On top of a global pandemic, the year 2022 was also financially demanding for people around the globe. Inflation combined with price increases in consumer goods and fuel made it difficult for many to budget. There was also a sharp rise in healthcare costs and surprisingly, the causes for it were not only rooted in the pandemic.
Many diseases or injuries could not be treated effectively with the available resources. This is to the detriment of patients and their quality of life. Thanks to new scientific findings and modern technologies, completely different possibilities are opening up today, but they also cost more money.
On the other hand, the need for customized medical diagnosis and therapy is a major cost factor. Comprehensive treatment and consistent attention to individual patient needs are becoming increasingly important for many people. There is more focus on one's own health, and medicine should do justice to this. Whereas in the past personal care by the family doctor was prioritized, today specialists are quickly consulted and second opinions are obtained. And one thing is clear: The more personnel effort is behind a diagnosis and/or therapy, the higher the costs will be.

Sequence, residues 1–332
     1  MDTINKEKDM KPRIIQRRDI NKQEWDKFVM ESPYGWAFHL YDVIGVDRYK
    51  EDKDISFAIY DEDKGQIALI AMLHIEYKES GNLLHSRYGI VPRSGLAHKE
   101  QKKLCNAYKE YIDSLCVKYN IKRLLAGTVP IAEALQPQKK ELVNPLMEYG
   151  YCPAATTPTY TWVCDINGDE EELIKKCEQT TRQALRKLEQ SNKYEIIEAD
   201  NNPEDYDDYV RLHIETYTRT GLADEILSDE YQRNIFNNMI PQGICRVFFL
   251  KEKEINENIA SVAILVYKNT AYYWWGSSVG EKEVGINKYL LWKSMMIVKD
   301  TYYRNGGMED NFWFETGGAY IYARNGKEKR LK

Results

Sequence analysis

With many diseases, it is not so easy to detect them in time. Flu usually makes itself felt very quickly. Within a few days, sufferers are incapacitated in bed due to severe symptoms. Cancer, on the other hand, is a very different story. Symptoms develop very slowly and are also very non-specific. It is not uncommon for those affected to notice nothing for years, or to have only very minor symptoms, while a tumor continues to grow unhindered. If the symptoms are at some point so pronounced that a doctor is consulted, therapy is often only possible with drastic measures and at great financial expense, or in the worst case even too late.
The early detection of many other diseases, however, this is no longer a dream of the future, but has already become part of everyday medical practice. For example, gastrointestinal diseases such as bacterial overgrowth or food intolerances are detectable in the breath via the gases hydrogen (H2) and methane (CH4). Due to irregular digestion, these gases are produced in the gastrointestinal tract by fermentation and released into the lungs via the blood. Similarly, it is already common practice for the detection of Helicobacter pylori infections. This bacterium settles in the stomach lining and can cause inflammation. It is also considered to cause stomach cancer. Because it is estimated that half of the world's population lives with this bacterium, but few people experience symptoms from it, screening for early detection is very important. This is done by detecting isotope-labeled carbon dioxide produced by the bacterium in the breath of patients after having a special test meal.